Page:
The Mental Health Foundation says it is concerned Taser use on those with mental illnesses will grow after the decision to arm frontline officers.
But police say they're getting better at dealing with people with mental illness.
It's intimidating for anyone, but mental health organisations say it can be worst for more vulnerable members of society.
"The whole idea of someone who is going through a crisis having a uniformed, armed police officer coming toward them is pretty alarming," says the Mental Health Foundation's Judi Clements.
The foundation says it is concerned at the prospect of all frontline officers carrying Tasers, and those with mental health issues are most likely to be in the gun.
"We've certainly seen a disproportionate use of the Taser in situations where the person [who] is on the receiving end has a mental health problem," says Ms Clements.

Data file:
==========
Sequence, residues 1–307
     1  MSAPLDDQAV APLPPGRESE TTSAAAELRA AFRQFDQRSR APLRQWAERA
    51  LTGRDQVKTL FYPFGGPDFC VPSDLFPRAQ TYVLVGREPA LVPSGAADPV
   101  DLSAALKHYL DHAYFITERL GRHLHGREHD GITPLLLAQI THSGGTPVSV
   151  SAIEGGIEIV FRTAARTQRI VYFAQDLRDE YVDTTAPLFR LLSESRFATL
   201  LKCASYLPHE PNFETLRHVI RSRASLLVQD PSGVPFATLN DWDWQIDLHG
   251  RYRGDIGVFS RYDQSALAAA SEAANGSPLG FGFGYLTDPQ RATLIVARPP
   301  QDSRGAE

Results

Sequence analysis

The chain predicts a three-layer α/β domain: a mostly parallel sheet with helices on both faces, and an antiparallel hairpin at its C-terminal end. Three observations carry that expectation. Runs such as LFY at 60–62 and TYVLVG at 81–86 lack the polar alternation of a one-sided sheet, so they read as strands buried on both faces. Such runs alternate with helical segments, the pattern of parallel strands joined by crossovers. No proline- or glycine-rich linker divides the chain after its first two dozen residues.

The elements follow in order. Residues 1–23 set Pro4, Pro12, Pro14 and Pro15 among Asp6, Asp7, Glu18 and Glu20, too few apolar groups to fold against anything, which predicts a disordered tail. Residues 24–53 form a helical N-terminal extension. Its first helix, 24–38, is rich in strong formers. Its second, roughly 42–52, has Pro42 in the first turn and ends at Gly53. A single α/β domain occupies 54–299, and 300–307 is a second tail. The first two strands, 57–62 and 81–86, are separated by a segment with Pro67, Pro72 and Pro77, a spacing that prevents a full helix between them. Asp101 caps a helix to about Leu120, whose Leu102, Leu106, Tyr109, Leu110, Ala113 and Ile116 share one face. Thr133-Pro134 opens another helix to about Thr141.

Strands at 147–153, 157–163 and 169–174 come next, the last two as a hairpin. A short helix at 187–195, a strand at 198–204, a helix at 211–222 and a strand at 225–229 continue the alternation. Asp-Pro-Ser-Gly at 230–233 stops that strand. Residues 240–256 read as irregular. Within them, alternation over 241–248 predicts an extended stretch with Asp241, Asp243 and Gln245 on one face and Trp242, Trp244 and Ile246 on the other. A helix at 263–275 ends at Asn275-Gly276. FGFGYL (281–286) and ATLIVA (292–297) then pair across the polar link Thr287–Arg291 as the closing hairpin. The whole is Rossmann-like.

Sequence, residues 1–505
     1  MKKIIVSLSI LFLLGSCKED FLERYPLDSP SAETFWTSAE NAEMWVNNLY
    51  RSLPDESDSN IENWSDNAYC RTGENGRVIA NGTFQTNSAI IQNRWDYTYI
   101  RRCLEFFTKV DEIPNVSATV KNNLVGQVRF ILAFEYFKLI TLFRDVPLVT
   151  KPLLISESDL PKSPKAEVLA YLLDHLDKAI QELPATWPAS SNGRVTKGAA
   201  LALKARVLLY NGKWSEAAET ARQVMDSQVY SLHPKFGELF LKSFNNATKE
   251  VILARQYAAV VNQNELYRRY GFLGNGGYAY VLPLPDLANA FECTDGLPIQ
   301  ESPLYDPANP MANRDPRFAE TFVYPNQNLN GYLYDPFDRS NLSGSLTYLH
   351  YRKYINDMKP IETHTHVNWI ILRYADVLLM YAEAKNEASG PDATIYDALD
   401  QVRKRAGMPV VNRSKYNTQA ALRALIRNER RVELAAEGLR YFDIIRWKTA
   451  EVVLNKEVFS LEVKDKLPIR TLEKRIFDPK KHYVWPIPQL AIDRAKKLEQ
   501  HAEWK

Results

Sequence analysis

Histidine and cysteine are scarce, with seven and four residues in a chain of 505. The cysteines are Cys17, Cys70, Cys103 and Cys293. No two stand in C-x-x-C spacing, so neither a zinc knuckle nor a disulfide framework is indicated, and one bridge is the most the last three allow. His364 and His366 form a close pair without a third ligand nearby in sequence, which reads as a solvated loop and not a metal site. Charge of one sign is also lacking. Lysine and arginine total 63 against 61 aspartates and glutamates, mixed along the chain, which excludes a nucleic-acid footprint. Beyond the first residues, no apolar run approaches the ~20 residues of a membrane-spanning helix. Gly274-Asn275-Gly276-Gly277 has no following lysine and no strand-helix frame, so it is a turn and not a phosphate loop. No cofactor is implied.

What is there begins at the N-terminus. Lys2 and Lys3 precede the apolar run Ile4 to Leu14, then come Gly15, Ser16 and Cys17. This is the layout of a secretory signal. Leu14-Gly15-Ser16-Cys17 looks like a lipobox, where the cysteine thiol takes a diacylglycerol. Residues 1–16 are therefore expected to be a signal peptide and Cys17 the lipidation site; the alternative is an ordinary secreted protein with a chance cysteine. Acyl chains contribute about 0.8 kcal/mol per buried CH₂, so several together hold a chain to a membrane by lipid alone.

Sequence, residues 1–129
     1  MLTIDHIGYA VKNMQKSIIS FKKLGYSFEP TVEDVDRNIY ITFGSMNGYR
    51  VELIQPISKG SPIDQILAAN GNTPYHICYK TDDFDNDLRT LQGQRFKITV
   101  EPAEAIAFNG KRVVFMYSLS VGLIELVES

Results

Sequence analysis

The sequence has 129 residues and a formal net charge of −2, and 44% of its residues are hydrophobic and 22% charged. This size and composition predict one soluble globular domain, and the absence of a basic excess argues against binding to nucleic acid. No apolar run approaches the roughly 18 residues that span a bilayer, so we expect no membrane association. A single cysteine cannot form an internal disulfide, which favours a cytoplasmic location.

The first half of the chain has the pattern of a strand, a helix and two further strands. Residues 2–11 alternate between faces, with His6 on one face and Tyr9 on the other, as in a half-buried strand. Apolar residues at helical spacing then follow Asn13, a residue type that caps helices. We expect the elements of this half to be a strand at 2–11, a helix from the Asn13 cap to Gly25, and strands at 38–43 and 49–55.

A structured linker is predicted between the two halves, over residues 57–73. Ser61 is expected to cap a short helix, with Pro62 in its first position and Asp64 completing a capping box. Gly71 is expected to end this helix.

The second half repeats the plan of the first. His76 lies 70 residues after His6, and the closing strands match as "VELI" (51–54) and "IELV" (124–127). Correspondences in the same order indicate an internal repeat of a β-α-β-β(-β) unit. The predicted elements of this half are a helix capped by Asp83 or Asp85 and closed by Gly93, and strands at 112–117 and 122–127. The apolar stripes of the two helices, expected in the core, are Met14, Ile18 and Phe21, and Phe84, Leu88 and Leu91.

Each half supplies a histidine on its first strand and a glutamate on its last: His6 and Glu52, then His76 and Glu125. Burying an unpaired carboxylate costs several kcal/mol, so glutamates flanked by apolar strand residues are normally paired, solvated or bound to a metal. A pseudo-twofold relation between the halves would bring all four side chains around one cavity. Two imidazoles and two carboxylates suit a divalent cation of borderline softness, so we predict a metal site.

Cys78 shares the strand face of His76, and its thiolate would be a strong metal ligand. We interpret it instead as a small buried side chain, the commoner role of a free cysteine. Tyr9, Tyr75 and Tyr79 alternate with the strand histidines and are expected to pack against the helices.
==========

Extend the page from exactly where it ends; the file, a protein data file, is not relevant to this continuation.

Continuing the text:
In March the Independent Police Conduct Authority released a report highlighting what it said were serious issues around how police deal with people in custody, particularly those with mental health issues. A mental health team was set up to give officers training.
Police say training is already paying off.
"The training is around countering stigma and discrimination, and also giving officers advice on how to deal with people who are in mental distress," says Inspector Sue Douglas, mental health project manager.
In 2014 alone, police dealt with 147 mental health-related incidents a day, and that's increasing 8 percent year-on-year. While statistics show Tasers are twice as likely to be used at mental health emergencies, police say with further training that'll likely come down.